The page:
Friday, 11 September 2015

REVIEW: The Oresteia at the Globe

THREE stars

WATCHING The Oresteia at the Globe makes you realise what a perfect space this Wooden O is for such expansive Greek plays.
The play, a trilogy of Greek tragedies - Agamemnon, Libation Bearers and Eumenides - written by Aeschylus, has been reworked for the Bankside theatre by Rory Mullarkey.
He has pared it down to a three-hour version with two intervals and largely pulls it off allowing the audience to follow the trials and tribulations of Clytemnestra, Agamemnon, Electra, Orestes, Apollo and Athena with ease thanks to the clear and concise verse.
It begins with the homecoming of Agamemnon who before setting out for the Trojan War, sacrificed his daughter Iphigenia to the gods, something his adulterous wife Clytemnestra has been quietly smouldering with anger about.
Instead of greeting him with open arms she brutally murders him and puts her lover Aegisthus in his place.
It is then up to Orestes, the estranged son of Clytemnestra and Agamemnon to decide whether to stop the endless cycle of revenge by bloodletting or to carry on and murder his mother.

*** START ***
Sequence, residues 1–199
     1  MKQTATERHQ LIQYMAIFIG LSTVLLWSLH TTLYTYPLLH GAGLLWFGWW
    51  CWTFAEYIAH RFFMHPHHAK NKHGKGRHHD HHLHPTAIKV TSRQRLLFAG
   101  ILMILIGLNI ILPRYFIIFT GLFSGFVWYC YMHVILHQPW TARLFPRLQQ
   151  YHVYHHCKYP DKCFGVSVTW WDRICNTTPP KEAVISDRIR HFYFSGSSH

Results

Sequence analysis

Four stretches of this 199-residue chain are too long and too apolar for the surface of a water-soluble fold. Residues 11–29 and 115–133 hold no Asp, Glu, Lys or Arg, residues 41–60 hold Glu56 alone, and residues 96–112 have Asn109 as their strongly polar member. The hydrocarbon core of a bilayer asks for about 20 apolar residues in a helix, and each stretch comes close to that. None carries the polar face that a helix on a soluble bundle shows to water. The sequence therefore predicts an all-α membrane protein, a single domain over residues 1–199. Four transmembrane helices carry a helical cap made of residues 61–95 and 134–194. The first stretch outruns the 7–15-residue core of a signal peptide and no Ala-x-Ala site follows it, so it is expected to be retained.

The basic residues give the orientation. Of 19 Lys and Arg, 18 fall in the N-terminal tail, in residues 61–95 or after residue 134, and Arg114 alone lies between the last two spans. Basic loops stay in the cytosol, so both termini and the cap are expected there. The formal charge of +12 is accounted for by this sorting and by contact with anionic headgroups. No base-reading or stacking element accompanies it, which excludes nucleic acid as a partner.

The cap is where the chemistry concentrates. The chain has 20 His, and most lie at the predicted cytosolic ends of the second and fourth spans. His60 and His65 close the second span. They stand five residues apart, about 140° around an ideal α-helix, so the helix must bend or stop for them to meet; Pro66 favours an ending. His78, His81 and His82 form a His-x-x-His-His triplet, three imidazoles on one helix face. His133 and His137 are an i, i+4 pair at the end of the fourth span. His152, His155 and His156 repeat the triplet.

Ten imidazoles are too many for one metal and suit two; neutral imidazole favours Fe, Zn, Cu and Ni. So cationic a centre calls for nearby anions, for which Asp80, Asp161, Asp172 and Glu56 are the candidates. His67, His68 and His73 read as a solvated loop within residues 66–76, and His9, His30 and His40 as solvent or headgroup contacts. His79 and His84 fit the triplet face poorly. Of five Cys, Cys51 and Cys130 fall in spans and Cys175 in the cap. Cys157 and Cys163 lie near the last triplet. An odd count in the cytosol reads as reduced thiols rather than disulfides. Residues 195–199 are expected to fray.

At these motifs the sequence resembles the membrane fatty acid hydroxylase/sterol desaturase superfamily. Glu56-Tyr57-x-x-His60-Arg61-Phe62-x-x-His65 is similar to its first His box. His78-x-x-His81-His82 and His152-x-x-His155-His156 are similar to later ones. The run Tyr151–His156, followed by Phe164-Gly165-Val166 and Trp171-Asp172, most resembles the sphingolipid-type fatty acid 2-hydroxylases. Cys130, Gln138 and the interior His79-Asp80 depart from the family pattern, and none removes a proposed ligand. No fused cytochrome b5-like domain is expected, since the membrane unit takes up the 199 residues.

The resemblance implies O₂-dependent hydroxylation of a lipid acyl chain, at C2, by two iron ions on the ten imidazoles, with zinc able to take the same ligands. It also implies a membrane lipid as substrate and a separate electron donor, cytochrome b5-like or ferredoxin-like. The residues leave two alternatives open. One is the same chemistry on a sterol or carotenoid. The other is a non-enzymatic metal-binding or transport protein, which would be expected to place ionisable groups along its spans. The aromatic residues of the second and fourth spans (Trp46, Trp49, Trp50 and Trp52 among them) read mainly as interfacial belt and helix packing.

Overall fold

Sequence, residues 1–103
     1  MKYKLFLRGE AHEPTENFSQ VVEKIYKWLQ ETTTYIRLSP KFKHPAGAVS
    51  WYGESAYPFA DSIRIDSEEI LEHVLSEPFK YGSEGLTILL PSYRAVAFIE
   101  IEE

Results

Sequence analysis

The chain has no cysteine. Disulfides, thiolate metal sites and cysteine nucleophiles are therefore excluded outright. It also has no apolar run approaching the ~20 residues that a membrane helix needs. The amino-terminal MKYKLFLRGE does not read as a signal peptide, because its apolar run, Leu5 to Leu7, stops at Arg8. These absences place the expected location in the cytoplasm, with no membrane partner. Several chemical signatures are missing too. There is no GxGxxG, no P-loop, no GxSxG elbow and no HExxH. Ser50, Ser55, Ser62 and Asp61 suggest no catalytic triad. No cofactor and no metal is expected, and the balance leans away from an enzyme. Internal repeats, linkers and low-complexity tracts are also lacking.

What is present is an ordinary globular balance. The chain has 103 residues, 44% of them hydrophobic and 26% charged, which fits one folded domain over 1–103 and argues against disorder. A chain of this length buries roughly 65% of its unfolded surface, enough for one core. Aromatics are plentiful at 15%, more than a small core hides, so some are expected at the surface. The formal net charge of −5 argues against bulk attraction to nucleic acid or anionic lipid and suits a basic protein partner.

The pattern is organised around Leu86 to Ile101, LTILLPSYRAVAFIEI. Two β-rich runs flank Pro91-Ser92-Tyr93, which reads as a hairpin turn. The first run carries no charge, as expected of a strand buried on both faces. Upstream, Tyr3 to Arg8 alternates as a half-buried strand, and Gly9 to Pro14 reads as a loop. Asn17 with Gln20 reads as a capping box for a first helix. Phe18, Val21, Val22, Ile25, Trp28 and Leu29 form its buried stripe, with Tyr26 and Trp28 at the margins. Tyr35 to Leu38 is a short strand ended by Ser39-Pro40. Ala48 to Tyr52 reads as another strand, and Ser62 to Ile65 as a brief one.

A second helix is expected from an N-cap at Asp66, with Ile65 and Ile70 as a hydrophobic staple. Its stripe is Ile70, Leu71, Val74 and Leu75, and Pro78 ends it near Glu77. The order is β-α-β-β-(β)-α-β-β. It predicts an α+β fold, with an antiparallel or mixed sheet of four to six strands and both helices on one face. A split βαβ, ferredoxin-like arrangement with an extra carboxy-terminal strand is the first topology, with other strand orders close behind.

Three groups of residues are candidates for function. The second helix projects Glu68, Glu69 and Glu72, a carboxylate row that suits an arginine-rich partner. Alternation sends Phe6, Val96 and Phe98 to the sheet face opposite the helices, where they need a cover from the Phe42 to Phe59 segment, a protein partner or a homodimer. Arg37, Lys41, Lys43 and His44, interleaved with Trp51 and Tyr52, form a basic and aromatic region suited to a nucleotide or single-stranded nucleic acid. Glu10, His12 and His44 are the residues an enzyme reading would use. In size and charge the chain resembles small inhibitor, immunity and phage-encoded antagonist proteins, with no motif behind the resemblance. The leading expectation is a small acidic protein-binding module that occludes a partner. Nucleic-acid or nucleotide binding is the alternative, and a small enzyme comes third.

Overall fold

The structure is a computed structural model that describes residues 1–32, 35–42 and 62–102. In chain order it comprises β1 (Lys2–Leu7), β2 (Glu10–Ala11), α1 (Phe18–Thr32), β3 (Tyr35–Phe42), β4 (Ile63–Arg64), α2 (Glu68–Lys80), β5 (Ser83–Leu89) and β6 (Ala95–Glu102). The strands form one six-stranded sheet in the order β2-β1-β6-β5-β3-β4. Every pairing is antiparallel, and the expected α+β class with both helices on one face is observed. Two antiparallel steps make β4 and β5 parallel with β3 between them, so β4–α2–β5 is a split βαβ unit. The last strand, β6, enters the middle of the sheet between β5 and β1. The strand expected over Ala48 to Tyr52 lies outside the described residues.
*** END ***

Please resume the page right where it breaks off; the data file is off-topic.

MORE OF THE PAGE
There are many aspects of this production that I loved, one of which was the Chorus - played not by one but more than half a dozen modern and suited figures complete with briefcases, hats and umbrellas.
I also loved the Furies - clad in black with black make up on whitened faces and long, black and unruly hair.
The cast was great especially Katy Stephens as Clytemnestra. Determined and resolute she had a steely and evil glint in her eye when she saw her errant husband had returned and, drenched in blood, she seemed to relish her butchery.
Trevor Fox as her drunk and louche lover Aegisthus was hilarious and George Irving as Agamemnon and Joel MacCormack as Orestes were also great.
The production succeeds in mixing the classic traditional with contemporary and the cast get stuck in with gusto - particularly embracing all the blood and carnage that end the first two parts of the production.
In fact all is going well until the end of the third and final part when a giant, gold and winged phallus was paraded aloft around the Globe stage and amongst the Groundlings.
That aside, it was a fascinating and clever production.

The Oresteia is on at The Globe until Friday, October 16. Tickets from £5. Visit or call the box office on 020 7401 9919.

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